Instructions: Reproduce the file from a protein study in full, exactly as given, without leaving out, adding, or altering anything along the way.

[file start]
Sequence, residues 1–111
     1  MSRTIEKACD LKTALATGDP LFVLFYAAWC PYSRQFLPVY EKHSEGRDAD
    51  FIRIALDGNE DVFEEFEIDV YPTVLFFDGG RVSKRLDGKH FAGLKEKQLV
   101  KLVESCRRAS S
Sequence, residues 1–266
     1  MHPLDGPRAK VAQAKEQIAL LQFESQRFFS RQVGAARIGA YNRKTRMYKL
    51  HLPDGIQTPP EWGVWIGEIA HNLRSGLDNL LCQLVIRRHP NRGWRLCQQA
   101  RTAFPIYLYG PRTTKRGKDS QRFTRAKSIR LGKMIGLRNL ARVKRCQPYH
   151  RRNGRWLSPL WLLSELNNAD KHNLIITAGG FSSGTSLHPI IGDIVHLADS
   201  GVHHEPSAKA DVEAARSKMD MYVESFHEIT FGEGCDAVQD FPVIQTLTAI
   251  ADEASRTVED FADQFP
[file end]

Sequence, residues 1–111
     1  MSRTIEKACD LKTALATGDP LFVLFYAAWC PYSRQFLPVY EKHSEGRDAD
    51  FIRIALDGNE DVFEEFEIDV YPTVLFFDGG RVSKRLDGKH FAGLKEKQLV
   101  KLVESCRRAS S
Sequence, residues 1–266
     1  MHPLDGPRAK VAQAKEQIAL LQFESQRFFS RQVGAARIGA YNRKTRMYKL
    51  HLPDGIQTPP EWGVWIGEIA HNLRSGLDNL LCQLVIRRHP NRGWRLCQQA
   101  RTAFPIYLYG PRTTKRGKDS QRFTRAKSIR LGKMIGLRNL ARVKRCQPYH
   151  RRNGRWLSPL WLLSELNNAD KHNLIITAGG FSSGTSLHPI IGDIVHLADS
   201  GVHHEPSAKA DVEAARSKMD MYVESFHEIT FGEGCDAVQD FPVIQTLTAI
   251  ADEASRTVED FADQFP